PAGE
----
If you've been reading my Law & Order: UK reviews long enough, you know that among the many things I like about this show, two of them are episodes written by Terry Cafolla ("Sacrifice," "Love and Loss") and the adorable awesomeness that is Jamie Bamber. Cafolla writing a Bamber-centric episode? I'm absolutely behind that.

Whenever a cop turns up dead, it's always going to be a bad day; when it's someone our heroes actually know, it's the worst day possible. The victim is Matt's oldest friend, which sends Matt off the rails from the word "go," and as we know from previous episodes, Matt's possessed of quite the temper. It's not easy for him to tear into his friend's past, especially when it requires asking tough questions. The investigation brings him face-to-face with a former priest who's also a pedophile, and drags his own past out in the process. It's a plotline that's sadly still relevant (how many jokes about the Catholic church have we made, and are still making?) and as is usual for this series, the subject matter is written in a relatable way. Of course it's fiction, but we can understand the underlying issues; as someone who's had a friend commit suicide, I can attest that I've asked some of the same questions that Matt does. The best drama is not only entertaining but real, and this episode is both.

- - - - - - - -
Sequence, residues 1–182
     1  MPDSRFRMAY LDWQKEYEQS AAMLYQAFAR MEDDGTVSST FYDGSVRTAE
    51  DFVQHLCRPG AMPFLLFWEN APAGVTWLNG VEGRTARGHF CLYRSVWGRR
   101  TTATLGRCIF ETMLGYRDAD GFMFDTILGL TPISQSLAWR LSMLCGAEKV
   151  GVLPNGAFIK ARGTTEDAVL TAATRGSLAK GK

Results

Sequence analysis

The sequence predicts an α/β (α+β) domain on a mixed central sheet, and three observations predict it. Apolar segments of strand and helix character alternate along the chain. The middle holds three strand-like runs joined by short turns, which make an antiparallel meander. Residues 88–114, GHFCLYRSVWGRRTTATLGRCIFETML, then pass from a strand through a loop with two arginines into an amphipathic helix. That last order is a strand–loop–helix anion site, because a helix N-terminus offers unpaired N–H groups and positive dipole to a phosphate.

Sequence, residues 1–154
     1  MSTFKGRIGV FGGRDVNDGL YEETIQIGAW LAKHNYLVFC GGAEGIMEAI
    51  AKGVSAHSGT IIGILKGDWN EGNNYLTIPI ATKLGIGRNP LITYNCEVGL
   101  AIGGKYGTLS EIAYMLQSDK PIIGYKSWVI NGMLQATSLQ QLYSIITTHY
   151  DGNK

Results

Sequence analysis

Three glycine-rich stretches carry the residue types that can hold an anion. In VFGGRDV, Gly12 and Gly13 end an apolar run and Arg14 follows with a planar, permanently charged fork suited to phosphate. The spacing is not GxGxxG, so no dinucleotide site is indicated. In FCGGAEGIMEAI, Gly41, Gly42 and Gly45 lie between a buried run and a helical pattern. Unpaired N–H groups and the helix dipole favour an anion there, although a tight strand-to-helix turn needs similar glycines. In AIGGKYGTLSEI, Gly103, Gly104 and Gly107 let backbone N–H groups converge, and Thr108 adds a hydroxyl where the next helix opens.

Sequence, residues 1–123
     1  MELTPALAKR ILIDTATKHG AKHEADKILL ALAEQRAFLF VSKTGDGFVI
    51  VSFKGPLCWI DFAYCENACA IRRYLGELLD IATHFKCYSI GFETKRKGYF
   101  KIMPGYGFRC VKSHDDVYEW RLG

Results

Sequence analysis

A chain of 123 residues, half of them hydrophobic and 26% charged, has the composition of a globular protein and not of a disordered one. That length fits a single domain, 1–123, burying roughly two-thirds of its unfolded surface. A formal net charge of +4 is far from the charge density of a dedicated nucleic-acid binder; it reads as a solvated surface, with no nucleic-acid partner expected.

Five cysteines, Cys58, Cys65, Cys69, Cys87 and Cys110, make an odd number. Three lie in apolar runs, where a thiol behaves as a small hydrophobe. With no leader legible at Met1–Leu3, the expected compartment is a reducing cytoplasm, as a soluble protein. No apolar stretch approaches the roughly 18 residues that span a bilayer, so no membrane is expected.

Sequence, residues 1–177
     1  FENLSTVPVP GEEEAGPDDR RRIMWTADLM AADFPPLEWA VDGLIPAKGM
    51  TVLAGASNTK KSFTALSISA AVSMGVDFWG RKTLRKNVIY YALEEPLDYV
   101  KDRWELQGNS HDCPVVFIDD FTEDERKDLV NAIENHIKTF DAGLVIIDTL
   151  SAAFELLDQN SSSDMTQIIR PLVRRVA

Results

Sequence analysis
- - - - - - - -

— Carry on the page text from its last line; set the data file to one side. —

"Confession" is the adaptation of another of my favorite Law & Order episodes, "Bad Faith," and I have to say that I like certain aspects of it more than the original. No offense to Chris Noth, as he gave a great performance, but I'm of the opinion that Jamie Bamber is the better actor and gives the better rendition. I remain impressed with how he can show us the wheels turning in Matt's head just with the expressions on his face, and there were quite a few moments in this episode where I was either able to see through his eyes, or felt for him so much that I wanted to hug him. Particularly, his work in the last few minutes is impressively gripping. When you're that invested in a character, that's good acting. And when you're invested, you want somebody to put things right, so Ben Daniels' usual tough-as-nails performance has an extra resonance this week. Bradley Walsh is the support that Matt needs - and that we need. To say nothing of the humor provided by Bill Paterson as Castle gets a major headache from taking on the church.

I am starting to run out of superlatives for these actors. Maybe it's a British thing, but this is the most consistent cast in my recent memory. Even with the original Law & Order, it was impossible for Chris Noth or Michael Moriarty to be amazing every week. Maybe it's a British thing, but I've never once thought that any of the six main cast members were phoning it in. That's probably why this is my favorite episode of the third series thus far, and one that's going to stick amongst my favorites the way that "Bad Faith" did almost sixteen years ago.

For more Law & Order: UK, check out the show category at my blog, DigitalAirwaves.net.